Barring a freak twist or two, it’s hard to come up with a way that Oklahoma isn’t going to go down as one of those wins. The Sooners will score, as always. Jalen Hurts will be his usual, hyper-efficient self. CeeDee Lamb will make plays. LSU will miss Edwards-Helaire at full speed, even more so in the passing game than between the tackles. But the broader narrative will play out as expected: The Tigers have too much firepower for OU’s defense to hold in check for long, and OU’s offense (Lamb notwithstanding) doesn’t have quite enough to hold serve.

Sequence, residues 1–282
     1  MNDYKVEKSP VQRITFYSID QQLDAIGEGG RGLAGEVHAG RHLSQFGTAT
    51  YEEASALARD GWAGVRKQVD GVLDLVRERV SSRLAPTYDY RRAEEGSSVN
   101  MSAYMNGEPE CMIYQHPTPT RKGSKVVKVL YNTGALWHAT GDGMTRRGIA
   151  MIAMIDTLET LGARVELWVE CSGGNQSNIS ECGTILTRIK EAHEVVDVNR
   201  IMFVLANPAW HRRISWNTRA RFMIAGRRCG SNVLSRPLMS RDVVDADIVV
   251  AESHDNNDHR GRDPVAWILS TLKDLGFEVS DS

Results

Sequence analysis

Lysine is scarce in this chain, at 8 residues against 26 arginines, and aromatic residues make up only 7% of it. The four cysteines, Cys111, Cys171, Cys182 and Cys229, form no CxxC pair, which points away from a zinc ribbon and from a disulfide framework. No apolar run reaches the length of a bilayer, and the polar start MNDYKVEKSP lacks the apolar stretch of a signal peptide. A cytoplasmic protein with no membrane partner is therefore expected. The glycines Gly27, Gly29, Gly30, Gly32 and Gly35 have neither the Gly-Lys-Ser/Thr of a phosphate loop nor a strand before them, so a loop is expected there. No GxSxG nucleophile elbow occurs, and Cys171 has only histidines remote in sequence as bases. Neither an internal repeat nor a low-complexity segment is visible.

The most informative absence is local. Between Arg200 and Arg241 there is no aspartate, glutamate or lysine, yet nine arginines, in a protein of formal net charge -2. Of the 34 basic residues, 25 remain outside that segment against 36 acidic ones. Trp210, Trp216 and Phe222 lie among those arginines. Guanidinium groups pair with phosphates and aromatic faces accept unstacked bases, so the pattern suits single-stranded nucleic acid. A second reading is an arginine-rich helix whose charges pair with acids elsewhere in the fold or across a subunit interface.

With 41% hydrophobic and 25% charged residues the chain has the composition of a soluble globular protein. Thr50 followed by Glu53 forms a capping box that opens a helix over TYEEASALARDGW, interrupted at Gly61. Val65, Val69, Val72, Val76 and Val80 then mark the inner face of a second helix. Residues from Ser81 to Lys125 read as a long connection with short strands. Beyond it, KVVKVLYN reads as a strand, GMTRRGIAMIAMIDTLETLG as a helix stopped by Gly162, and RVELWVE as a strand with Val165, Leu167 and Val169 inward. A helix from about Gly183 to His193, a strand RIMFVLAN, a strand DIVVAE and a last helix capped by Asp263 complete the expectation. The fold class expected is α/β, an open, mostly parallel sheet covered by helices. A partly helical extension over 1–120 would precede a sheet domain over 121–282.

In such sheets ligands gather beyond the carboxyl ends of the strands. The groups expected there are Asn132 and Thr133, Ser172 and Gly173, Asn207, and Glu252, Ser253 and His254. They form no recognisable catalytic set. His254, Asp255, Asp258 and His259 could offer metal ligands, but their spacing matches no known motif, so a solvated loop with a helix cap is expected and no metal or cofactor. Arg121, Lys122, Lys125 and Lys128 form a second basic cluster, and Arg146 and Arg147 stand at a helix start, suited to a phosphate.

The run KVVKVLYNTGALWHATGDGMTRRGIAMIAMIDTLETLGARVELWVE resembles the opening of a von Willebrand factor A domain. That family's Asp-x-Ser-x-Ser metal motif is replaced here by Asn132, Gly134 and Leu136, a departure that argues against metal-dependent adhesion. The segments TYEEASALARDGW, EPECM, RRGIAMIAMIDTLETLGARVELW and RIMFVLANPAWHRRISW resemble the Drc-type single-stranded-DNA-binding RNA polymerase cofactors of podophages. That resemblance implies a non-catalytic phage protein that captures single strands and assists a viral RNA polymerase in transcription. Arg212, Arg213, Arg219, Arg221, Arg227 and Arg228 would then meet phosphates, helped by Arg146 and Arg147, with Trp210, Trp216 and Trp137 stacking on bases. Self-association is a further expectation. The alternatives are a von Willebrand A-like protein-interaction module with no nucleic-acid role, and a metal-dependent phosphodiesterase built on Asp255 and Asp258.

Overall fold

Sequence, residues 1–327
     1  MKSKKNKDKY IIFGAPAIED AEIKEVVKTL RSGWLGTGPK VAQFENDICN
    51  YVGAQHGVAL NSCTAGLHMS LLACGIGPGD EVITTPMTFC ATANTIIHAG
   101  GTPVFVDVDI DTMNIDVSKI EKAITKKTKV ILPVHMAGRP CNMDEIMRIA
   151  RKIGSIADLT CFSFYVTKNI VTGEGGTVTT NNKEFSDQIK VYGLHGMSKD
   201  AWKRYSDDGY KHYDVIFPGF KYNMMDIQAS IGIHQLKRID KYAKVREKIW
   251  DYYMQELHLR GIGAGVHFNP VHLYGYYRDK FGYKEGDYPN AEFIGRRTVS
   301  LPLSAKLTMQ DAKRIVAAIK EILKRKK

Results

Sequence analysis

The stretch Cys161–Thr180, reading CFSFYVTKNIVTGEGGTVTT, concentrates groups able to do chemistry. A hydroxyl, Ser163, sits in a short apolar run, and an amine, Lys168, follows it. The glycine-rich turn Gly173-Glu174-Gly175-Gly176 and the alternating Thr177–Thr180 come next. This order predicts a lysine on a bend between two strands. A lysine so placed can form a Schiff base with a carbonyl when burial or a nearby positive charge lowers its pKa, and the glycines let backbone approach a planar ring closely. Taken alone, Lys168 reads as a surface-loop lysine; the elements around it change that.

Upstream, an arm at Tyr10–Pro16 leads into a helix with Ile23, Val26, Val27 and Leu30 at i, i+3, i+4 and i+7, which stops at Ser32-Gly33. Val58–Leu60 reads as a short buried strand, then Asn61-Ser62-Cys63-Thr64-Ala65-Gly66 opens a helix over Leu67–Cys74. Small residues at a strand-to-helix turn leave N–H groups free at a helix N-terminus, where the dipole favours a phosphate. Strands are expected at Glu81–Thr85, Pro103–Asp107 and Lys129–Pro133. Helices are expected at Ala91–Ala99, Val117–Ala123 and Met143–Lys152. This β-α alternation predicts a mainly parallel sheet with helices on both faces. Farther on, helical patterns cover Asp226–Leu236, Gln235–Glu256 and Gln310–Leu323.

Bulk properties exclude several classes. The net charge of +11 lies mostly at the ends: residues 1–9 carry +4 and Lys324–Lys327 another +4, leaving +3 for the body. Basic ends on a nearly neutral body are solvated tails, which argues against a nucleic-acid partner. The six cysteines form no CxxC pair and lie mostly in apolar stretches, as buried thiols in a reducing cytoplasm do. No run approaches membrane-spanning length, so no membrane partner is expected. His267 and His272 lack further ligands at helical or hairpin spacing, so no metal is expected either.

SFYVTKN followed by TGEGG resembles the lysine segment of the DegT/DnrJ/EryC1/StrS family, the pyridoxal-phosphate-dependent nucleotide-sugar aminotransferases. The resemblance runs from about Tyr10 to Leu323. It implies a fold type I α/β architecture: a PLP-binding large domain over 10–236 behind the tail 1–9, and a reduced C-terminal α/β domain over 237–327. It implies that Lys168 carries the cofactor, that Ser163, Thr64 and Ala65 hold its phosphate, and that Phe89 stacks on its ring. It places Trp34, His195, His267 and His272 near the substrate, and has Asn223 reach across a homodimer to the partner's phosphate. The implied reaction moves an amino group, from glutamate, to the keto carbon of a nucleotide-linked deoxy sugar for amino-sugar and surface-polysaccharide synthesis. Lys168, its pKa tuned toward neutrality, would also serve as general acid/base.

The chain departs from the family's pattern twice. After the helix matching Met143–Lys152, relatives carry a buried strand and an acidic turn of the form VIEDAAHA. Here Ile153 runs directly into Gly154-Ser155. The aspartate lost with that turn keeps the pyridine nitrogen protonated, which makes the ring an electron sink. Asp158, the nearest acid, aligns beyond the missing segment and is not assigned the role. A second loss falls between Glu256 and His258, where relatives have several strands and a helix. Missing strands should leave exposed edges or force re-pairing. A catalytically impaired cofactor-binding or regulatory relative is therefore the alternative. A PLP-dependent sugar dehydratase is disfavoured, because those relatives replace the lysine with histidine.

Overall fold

Ironically, this could be the first game in ages in which Oklahoma might actually find a time-consuming, ball-control mentality works to its advantage. As long as he’s taking care of the ball — not a given lately — Hurts is a born grinder with a proven track record against better LSU defenses than the one he’ll see on Saturday. Opposite virtually anyone else, that and his 40-3 record as a college starter would go a long way. Opposite Burrow, the Sooners will need the game of Hurts’ life and then some just to keep it respectable.

LSU 44, Oklahoma 27